On August 7, 2008 the Russian-backed “president” of Abkhazia Sergei Bagapsh spoke in front of the Russian TV cameras regarding the heightened tensions in Tskhinvali Region/South Ossetia. In his statement Bagapsh said that Russian troops had already entered Georgia. “I have spoken to the president of South Ossetia. It [the situation] has more or less stabilized now. A battalion from the North Caucasus District has entered the area,” said Bagapsh. In 2008, the Russian North Caucasus Military District, which presently has been merged into the Southern Military District, included the 58th Army whose troops were the first to invade Georgia on August 7, 2008.
On August 10, 2008, a Russian soldier from the Perm Krai (an administrative region in the Russian Federation) serving in the 58th Army called his mother, telling her: “Mom, I have just come from Tskhinvali. I have very little time. Listen, we are there since August 7. All our 58th Army. I guess you are watching what is going on there on TV? Today, we have come from Tskhinvali to Vladikavkaz for weapons. Now we are going back.” The soldier was a new recruit. His parents passed the information to the parents of other draftees from the Perm Krai who were alarmed and said that their sons’ mobile phones went silent on August 7.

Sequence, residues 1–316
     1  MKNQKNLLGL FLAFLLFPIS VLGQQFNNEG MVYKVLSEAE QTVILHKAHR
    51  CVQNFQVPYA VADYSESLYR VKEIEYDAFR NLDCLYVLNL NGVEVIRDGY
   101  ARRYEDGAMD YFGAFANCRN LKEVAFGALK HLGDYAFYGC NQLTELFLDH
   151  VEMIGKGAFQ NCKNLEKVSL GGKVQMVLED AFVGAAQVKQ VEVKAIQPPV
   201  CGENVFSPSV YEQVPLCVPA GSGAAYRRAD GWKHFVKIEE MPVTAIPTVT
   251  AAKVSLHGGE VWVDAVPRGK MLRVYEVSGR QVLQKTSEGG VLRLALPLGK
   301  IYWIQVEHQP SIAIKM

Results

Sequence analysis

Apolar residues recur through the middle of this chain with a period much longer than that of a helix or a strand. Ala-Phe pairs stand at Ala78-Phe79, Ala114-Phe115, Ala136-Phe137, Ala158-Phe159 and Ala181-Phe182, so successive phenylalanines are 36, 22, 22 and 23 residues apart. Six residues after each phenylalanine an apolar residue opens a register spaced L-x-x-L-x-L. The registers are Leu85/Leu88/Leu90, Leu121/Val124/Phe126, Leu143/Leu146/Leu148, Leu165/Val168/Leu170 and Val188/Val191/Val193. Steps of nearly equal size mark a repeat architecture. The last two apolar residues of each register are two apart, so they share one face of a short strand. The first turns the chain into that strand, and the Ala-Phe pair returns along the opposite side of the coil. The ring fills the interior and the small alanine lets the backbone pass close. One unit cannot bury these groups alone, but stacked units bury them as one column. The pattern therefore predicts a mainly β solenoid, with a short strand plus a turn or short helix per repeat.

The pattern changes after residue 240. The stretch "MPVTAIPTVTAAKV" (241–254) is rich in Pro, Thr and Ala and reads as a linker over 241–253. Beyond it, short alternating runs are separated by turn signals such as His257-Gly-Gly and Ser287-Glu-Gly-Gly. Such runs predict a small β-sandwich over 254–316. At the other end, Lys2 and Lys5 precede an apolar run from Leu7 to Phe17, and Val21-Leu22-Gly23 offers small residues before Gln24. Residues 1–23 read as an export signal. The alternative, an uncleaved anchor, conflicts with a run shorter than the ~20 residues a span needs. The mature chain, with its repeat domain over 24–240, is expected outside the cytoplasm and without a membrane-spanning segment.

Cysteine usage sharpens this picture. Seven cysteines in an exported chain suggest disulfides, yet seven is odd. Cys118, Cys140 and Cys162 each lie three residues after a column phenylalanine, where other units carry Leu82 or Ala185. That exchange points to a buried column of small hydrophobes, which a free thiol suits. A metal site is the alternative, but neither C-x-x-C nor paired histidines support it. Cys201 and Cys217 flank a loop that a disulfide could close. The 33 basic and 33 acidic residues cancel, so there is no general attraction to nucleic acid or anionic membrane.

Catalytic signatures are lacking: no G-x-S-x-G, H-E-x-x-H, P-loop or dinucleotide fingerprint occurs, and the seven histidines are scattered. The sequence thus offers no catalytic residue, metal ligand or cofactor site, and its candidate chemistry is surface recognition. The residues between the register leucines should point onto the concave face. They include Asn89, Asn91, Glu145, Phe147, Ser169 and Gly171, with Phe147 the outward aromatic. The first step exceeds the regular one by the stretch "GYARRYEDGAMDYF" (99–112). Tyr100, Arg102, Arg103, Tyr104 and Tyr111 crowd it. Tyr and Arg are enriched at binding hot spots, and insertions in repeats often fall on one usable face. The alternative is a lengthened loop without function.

Possibly as a result of this young soldier’s phone call, soon three mothers of fresh draftees, worried that their sons had been sent to the South Ossetian war-zone, wrote letters to the commissioner for human rights in the Perm Krai Tatyana Margolina. One of these letters reads: “In May , my son was sent from the recruitment station to serve in the city of Vladikavkaz. In June, he took an oath and the ‘young fighter’ training course lasted one month. On August 9, he said on the telephone that they had been sent with a column to South Ossetia in the evening of August 7.”
On August 12, 2008, the mother of Lieutenant Alexander Popov, who had graduated from the tank academy in 2007 and then went to serve in Vladikavkaz before being wounded in the Russo-Georgian War, told journalists that her son was in Tskhinvali Region even prior to August 7: “I had a call with him in the afternoon on Monday [August 11]. He has already had an operation and is being transferred to Budyonnovsk. They were supposed to leave South Ossetia back on Tuesday-Wednesday [August 5-6] – they had had exercises there. But it seems they stayed. He was telling me about a week before the war started: ‘I see how they are shooting at Tskhinvali.’ They were having exercises somewhere in the mountains and my son said that Tskhinvali could be seen perfectly from there.” According to Lieutenant Popov, his unit was “the first to enter Tskhinvali” during the war.